2018 Florida Divorce: What Will Happen to Our House?
For many Florida couples thinking about divorce, the family home can be a source of confusion and anxiety. One or both spouses may be strongly attached to the home. If one spouse moves, the monthly expenses for the family will increase since the same income will have to support two homes. Many people wonder, what will happen to our house if we get divorced? Read on for answers to some common questions.
Who Has to Move Out of the House?Unless there is a restraining order restricting one of the spouses from staying in the marital home, both spouses generally have the legal right to stay in the house. Bickering and drama, however, can bubble up as a marriage falls apart. Living in the same house can make this situation worse. You have to consider what is best for your wellbeing and the wellbeing of your children. If living under one roof is becoming intolerable for you and/or your kids, move out. If you can*t afford another place, consider moving in with friends or relatives. Some attorneys will tell you that you have to stay in the house no matter what, or your spouse will get the house in the divorce. Be careful. There are many factors that the court considers in deciding what to do with the house (see below). No one but you knows what it is like living with your spouse in the same house while you are getting divorced. Your safety and sanity should come first.
Will I Lose the House if I Move Out?There are many factors that a court will consider in deciding whether to award the marital home to one spouse, or to order the house to be sold. First, the court will have to determine if the home is, in fact, a marital asset, in whole or in part. This analysis can be quite complicated. There are many considerations. Was the house purchased during the marriage? Is it titled in both spouse*s names? Who paid for it? Was the house improved during the marriage? How? Who paid for the improvements? Was there a mortgage on the house? Who made the mortgage payments? Did the value of the home increase during the marriage? How much? What was the reason for the increase? Once the court determines that a house is marital, in whole or in part, there are several other considerations for the court in deciding what to do with the house. Are there minor children who will benefit by staying in the house? For how long? Can either spouse afford to pay for the house after the divorce? Has one spouse already moved out? Can the marital income support two homes?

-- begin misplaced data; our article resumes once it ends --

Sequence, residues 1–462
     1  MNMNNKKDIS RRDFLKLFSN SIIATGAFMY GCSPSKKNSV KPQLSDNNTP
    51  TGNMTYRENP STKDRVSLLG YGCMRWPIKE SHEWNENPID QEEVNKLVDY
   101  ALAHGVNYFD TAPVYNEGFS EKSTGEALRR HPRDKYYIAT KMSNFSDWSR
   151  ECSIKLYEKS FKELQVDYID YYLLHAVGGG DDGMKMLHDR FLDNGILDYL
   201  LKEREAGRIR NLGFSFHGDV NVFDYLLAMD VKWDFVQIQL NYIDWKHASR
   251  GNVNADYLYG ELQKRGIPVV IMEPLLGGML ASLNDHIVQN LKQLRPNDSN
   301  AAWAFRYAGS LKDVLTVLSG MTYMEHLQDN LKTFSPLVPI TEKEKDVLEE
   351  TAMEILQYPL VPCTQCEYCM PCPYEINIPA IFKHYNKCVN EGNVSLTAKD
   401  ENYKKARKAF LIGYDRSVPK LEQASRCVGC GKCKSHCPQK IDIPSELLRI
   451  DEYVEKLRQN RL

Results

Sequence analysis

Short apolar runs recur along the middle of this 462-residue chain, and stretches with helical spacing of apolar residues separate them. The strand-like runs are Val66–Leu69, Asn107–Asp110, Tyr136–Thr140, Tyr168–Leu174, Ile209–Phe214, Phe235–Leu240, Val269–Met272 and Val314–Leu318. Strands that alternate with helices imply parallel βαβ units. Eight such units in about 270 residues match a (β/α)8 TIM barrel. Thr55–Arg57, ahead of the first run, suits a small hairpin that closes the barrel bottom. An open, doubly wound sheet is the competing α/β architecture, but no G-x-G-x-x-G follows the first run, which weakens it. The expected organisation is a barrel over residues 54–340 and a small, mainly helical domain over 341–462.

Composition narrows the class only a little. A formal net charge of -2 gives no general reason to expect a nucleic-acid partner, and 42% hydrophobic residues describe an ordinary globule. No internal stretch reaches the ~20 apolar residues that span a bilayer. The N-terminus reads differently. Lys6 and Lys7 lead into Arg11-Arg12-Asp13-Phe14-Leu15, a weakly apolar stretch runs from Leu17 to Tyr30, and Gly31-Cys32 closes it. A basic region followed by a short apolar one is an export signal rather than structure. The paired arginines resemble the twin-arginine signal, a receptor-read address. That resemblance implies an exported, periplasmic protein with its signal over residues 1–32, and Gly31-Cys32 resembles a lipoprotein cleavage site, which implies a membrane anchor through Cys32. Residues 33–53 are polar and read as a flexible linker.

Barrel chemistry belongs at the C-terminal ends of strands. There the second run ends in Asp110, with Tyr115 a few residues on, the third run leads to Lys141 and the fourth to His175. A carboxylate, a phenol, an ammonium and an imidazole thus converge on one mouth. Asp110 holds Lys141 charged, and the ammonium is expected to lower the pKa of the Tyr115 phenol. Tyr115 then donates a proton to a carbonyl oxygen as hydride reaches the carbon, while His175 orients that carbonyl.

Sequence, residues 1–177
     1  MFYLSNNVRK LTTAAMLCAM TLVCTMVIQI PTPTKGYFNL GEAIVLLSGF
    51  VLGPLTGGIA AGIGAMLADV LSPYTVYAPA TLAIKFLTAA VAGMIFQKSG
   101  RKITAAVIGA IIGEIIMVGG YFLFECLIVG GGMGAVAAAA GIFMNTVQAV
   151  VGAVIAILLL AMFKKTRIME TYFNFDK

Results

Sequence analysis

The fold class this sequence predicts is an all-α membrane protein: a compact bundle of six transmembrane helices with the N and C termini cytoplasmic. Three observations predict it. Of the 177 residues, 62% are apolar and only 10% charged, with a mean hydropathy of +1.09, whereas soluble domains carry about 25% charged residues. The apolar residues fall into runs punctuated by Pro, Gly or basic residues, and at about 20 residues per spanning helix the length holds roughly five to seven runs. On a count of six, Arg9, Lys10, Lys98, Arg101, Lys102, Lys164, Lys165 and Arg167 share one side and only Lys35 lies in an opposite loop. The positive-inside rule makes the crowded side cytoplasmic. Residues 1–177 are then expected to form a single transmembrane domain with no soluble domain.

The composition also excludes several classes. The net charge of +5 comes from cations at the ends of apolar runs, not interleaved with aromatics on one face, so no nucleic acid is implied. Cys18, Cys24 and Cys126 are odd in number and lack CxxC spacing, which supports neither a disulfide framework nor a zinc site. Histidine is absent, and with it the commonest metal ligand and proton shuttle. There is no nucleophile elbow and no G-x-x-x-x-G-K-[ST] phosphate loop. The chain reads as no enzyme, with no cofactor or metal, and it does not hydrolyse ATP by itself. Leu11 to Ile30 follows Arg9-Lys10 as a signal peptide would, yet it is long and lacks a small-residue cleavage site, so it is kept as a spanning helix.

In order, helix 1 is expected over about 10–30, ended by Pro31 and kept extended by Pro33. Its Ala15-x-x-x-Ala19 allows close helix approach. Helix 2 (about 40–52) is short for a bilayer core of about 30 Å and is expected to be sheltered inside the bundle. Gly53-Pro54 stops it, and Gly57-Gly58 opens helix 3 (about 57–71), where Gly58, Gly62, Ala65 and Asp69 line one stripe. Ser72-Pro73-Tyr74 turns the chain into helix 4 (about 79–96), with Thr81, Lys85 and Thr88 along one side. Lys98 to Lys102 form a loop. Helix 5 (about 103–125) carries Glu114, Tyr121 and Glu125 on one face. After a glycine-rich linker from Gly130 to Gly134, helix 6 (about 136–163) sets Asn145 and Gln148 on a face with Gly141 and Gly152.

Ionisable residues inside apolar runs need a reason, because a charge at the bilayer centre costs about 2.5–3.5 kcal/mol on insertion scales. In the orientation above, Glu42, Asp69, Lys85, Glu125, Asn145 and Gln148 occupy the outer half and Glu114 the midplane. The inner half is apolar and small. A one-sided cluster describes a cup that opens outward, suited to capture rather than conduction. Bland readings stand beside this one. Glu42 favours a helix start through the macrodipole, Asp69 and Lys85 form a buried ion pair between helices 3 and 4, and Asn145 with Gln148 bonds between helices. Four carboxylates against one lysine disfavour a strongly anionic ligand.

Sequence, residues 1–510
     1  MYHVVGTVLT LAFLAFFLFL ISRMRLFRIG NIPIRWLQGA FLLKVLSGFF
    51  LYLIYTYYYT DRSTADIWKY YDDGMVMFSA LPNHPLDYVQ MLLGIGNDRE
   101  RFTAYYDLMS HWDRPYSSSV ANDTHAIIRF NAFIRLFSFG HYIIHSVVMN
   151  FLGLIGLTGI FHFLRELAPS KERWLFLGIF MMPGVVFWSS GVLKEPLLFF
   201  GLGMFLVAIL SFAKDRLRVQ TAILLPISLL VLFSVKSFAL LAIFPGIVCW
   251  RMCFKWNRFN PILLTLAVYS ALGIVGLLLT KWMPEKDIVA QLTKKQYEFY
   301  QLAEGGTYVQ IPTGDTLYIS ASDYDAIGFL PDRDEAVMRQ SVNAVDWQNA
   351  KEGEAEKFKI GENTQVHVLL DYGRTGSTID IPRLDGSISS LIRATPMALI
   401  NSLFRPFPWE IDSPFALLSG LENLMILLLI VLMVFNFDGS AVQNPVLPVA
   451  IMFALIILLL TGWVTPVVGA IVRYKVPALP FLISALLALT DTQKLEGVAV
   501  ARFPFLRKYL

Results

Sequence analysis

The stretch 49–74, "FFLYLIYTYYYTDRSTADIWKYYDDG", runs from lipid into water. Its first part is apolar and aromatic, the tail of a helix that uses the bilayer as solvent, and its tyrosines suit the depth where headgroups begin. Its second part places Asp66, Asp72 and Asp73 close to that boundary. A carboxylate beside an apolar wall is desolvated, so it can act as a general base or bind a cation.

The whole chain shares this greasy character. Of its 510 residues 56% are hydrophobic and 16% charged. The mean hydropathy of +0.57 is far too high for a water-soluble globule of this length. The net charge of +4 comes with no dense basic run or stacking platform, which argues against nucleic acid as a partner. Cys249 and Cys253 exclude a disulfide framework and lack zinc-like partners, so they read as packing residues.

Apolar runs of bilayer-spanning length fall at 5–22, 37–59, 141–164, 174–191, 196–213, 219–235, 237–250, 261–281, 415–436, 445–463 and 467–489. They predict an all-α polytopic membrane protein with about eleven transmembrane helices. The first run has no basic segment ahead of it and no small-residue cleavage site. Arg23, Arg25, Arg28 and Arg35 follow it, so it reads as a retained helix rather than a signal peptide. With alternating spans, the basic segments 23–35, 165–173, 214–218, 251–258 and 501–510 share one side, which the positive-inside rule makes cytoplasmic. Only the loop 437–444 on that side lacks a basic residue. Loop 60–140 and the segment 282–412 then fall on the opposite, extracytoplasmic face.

What Will Happen to the House After the Divorce?Once the court finds that a house is marital, there are several legal options for dealing with your home in a divorce. The court can order the house to be sold, either immediately or at some time in the future. An immediate sale, known as *partition*, may be ordered if there are no children living in the house, the house is worth more than its mortgage, and neither spouse can afford to pay for the house after the divorce. If the equity in the home is the only significant marital asset, selling the house may be the only way that a court can divide the parties* assets. When there are minor children living in the home, the court may award the right to live in the house to one spouse, known as *exclusive use and occupancy*. This does not change the ownership of the home. Typically, the order will require the sale of the house when the period of exclusive use and occupancy is over, for example, when the children finish high school. Alternatively, the court can award the house to one spouse and an amount of money equal to half the value of the home to the other spouse.